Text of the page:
Learning HTML 3.2 by Examples, section 5 Descriptions of HTML 3.2 tags:

META - meta info


To supply meta info (information about the document) as name-value pairs describing properties of the document, such as author, expiry date, a list of key words etc.

It depends on programs (e.g. browsers or search engines) processing HTML files what they do with the info.

Typical rendering

None. The META elements do not affect the rendering of the document itself. They might have some effect on the presentation of information about the document, e.g. on the browser window elsewhere than in the display of the document itself, or in the query reports from search engines.

Basic syntax

<META NAME=info item name CONTENT=info contents>
<META HTTP-EQUIV=info item name CONTENT=info contents>

Possible attributes

attribute name possible values meaning notes
NAME name meta information item name alternative to HTTP-EQUIV attribute
HTTP-EQUIV name meta information item name alternative to NAME attribute
CONTENT string meta information contents a META element must contain this attribute

Allowed context

The head element, in which any number of META elements may appear.




"An extensive guide to writing HTML 3.2 documents,
with examples and practical advice.">
<META NAME=KEYWORDS CONTENT="structural HTML, logical markup">


For detailed information, see A Dictionary of HTML META Tags on Vancouver Webpages.

Several Web search engines, such as InfoSeek and AltaVista, recognize META elements with NAME values DESCRIPTION and KEYWORDS. The words listed in the CONTENT attribute of a META NAME=KEYWORDS element might be used (and perhaps emphasized) when indexing documents; however, generally such keywords are useful only if they occur in the normal text of the document too, and in that case you can expect them to be used in indexing anyway! On the other hand, a META NAME=DESCRIPTION is recommendable, since many (but not all) search engines show the CONTENT value as the abstract for the document when returning query results. But you should also take into account that many search engines just take the first few words of the document, so you might include a short summary into the document body right after the main heading.

For some more information, consult

The META tag affects the way your document is indexed when it is included into a data base of a search engine. It will not make a robot find the document when it searches candidates for inclusion into a data base. Therefore, if you think the document is important, and especially if there are not several links to it in other documents, consider additionally using facilities like "Add URL" on the AltaVista main page.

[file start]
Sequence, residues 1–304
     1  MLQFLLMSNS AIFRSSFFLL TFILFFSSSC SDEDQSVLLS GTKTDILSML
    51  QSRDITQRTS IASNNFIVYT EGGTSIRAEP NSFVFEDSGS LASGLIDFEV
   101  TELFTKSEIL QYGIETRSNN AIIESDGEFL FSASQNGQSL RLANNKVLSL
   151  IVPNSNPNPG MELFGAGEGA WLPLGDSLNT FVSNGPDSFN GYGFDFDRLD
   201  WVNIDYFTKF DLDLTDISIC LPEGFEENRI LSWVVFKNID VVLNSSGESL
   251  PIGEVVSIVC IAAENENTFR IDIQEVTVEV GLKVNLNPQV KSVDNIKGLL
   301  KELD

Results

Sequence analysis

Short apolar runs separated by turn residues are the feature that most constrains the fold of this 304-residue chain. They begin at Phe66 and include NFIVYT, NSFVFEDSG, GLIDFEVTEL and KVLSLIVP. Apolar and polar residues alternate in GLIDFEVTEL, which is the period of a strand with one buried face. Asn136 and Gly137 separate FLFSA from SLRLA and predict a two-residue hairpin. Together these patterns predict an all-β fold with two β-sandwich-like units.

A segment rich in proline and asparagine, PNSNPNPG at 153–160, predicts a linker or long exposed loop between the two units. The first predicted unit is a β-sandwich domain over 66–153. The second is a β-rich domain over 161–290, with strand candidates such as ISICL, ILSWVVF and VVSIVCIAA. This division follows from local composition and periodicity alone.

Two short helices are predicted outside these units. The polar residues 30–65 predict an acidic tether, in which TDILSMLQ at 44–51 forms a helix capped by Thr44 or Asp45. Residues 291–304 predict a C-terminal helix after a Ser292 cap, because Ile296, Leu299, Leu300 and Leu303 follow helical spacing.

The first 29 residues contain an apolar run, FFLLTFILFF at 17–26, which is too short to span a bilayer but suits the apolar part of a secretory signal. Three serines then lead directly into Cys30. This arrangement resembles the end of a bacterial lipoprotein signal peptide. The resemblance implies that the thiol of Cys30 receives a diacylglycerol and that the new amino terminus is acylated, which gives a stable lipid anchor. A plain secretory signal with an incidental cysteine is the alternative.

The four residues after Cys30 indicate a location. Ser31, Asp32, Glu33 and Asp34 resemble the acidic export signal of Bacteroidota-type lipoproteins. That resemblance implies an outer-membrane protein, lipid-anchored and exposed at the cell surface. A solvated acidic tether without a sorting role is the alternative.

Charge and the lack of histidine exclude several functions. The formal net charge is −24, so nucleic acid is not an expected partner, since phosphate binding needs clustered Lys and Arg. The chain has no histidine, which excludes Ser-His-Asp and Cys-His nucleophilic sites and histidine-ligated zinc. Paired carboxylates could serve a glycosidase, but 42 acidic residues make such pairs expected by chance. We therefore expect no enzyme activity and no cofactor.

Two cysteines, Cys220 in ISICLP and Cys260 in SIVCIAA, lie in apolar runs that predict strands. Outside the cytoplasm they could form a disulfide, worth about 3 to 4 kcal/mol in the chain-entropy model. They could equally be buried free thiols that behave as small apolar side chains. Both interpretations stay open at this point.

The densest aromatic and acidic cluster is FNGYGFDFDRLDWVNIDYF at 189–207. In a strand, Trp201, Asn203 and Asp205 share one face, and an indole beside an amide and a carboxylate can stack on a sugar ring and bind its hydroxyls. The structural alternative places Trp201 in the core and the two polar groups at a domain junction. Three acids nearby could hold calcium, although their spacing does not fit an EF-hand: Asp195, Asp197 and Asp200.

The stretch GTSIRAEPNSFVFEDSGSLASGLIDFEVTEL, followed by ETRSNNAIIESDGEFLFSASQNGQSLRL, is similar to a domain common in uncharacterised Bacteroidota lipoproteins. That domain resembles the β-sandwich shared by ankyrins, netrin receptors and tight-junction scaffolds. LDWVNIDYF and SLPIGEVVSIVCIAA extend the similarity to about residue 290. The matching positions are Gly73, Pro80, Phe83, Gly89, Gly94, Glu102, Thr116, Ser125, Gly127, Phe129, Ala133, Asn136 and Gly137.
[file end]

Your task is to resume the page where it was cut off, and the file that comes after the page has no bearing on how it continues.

The difference between NAME and HTTP-EQUIV is that the latter has a special significance when documents are retrieved via HTTP, whereas the interpretation of NAME attributes is up to each particular browser or other program which processes HTML files (although some common practices may emerge and might be standardized later). HTTP servers may use the property name specified by the HTTP-EQUIV attribute to create an RFC 822 style header in the HTTP response. (RFC 822 is the electronic mail protocol used on the Internet.) The header name (which is case insensitive) is taken from the HTTP-EQUIV attribute value, and the header value is taken from the value of the CONTENT attribute. For a good introduction to HTTP headers, consult the tutorial How the web works: HTTP and CGI explained by Lars Marius Garshol.

A server may disregard any META elements which specify information controlled by the server, such as "Server", "Date", and "Last-modified"; see the HTTP specification for details.

For example,

<META HTTP-EQUIV="Expires" CONTENT="Tue, 20 Aug 1996 14:25:27 GMT">
will result in the HTTP header
Expires: Tue, 20 Aug 1996 14:25:27 GMT
and this might be used by caches to determine when to fetch a fresh copy of the associated document. Notice that according to HTTP 1.0 specification (RFC 1945) the expiration time must be expressed in one of a few strictly defined formats, the preferred one being exemplified above (and formally defined in RFC 822 and RFC 1123).

If an organization enforces authors to include meta information such as authorship information and expiration times in a specific format, special software might be written to scan through the WWW server periodically in order to send automatic reminders to authors.

Date of last update: 2010-12-16.
This page belongs to the free information site IT and communication, section Web authoring and surfing, by Jukka "Yucca" Korpela.